It was 1976 when the Ebola virus first appeared in the Republic of the Congo in a village situated near the Ebola River from which the disease received this name. The Ebola virus is comprised of five distinct species; bundibugyo, Ivory Coast, Reston, Sudan, and Zaire. Sudan and Zaire species have been associated with large Ebola hemorrhagic fever (EHF) outbreaks in Africa, while the Ivory Coast and Reston species have not. EHF is a febrile hemorrhagic illness which causes death in 25 to 90% of all cases. The Ebola Reston species found in the Philippines can infect humans but no illnesses or deaths in humans has been reported to date. The above virus that most of us are common with is the large Ebola hemorrhagic fever virus in which it is believed that fruit bats in the African Congo are the host species.
Transmission of the virus:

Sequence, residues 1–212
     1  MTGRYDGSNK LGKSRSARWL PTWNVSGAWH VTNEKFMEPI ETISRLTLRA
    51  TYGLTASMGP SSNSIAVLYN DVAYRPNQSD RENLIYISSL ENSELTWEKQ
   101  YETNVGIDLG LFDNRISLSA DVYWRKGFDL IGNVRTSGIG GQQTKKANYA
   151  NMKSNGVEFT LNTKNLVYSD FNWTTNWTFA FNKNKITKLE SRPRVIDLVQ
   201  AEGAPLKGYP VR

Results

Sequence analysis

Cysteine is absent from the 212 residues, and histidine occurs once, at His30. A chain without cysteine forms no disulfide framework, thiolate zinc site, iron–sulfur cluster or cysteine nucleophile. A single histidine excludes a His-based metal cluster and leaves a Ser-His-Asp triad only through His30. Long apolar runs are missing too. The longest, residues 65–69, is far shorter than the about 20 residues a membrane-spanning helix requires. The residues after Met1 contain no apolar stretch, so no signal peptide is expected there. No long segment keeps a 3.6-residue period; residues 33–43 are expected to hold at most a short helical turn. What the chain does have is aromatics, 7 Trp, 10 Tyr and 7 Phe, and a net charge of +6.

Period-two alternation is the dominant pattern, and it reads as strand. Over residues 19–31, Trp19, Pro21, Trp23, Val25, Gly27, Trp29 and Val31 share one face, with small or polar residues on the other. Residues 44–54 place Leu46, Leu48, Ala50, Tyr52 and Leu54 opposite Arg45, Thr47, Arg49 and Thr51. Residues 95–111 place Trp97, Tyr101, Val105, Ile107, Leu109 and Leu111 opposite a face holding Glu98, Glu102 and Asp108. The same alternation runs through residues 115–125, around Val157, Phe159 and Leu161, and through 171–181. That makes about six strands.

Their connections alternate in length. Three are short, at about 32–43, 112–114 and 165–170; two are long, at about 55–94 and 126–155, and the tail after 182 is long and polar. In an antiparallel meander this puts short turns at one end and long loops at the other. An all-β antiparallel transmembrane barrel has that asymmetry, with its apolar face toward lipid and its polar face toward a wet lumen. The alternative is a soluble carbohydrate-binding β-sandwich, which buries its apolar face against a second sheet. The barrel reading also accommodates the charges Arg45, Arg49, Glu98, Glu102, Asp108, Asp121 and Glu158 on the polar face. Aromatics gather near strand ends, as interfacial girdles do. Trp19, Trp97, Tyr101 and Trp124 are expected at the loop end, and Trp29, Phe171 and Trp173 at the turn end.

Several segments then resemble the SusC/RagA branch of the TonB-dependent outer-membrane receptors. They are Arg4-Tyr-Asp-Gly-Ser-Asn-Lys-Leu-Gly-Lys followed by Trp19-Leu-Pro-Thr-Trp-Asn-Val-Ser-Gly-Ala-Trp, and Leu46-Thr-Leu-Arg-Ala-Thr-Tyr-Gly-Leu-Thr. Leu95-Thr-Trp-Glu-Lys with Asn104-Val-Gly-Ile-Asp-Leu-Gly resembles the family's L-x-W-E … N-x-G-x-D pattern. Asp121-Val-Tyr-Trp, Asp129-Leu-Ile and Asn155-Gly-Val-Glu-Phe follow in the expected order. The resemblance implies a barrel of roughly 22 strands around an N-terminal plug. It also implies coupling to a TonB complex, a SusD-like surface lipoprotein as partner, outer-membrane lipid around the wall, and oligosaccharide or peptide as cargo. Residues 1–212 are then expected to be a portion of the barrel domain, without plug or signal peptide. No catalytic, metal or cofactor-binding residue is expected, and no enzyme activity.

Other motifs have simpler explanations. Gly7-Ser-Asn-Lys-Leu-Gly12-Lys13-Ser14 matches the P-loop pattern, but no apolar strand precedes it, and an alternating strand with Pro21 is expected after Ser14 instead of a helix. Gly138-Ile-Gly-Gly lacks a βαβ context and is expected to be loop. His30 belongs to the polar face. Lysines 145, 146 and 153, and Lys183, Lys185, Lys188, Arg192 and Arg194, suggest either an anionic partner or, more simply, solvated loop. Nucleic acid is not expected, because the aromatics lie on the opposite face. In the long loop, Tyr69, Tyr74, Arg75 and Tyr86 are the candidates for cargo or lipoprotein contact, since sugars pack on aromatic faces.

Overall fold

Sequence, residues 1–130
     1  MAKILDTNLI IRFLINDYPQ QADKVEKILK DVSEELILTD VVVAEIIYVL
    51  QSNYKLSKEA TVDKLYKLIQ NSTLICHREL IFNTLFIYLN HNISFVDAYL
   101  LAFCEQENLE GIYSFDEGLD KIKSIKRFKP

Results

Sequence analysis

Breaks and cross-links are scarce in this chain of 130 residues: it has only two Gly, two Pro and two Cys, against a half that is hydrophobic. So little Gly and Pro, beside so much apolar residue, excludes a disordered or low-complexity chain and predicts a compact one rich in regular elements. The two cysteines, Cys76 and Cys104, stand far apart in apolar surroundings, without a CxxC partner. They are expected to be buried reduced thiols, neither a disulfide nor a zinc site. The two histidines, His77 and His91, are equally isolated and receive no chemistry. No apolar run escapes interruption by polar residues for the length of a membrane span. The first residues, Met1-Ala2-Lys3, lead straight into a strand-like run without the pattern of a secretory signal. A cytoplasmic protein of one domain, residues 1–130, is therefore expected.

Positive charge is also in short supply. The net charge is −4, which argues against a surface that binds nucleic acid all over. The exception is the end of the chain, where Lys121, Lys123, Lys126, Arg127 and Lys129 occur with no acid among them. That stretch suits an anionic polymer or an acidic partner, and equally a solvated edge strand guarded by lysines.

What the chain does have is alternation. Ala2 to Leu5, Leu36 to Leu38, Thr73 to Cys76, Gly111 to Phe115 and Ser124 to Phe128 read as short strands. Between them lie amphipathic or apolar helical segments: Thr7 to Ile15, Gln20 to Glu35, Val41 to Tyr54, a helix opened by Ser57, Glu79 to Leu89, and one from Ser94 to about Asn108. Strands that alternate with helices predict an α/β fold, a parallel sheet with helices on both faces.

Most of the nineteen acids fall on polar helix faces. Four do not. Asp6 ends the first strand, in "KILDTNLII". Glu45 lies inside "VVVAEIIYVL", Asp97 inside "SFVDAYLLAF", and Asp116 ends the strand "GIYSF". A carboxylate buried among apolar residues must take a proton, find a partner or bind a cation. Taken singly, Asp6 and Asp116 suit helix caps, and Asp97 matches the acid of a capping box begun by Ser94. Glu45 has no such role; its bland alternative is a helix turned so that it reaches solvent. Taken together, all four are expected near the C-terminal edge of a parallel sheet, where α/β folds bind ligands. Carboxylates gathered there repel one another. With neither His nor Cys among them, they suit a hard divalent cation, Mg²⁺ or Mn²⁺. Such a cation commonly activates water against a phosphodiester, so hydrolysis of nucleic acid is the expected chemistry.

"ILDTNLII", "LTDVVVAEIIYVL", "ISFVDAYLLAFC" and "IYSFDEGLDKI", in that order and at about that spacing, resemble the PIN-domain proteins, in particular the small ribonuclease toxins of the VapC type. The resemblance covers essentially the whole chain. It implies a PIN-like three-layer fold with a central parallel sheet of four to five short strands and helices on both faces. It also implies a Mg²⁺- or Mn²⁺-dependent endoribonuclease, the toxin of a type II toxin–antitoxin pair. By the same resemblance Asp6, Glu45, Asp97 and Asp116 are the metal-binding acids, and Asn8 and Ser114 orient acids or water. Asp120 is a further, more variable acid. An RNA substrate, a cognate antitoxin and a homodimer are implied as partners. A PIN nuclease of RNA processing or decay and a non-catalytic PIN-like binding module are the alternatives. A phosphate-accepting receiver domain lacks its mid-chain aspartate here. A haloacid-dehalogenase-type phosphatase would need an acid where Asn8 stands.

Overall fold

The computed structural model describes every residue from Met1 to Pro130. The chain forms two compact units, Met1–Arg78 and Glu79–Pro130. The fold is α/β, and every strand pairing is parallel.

The Ebola virus is introduced into the human population through close contact with blood secretions organs or other bodily fluids of infected animals. In Africa infection have been documented to the handling of infected chimpanzees gorillas fruit bats monkeys forest antelope and porcupines found dead or ill in the rain forest. Later Ebola spreads in the community through human human transmission resulting from close contact with blood secretions organs and other bodily fluids of infected people. Burial ceremonies were mourners have direct contact body of deceased person can also play a Roman transmission of Ebola. Transmission via infected semen can occur up to seven weeks after clinical recovery. Healthcare workers have frequently been infected while treating Ebola patients this is acquired through close contact without the use of correct infection control precautions and adequate barrier nursing procedures. For example healthcare workers not wearing gloves and or masks and or goggles may be exposed to direct contact with infected patient's blood and are at risk. Also in transmission are farmers their employees and other people...
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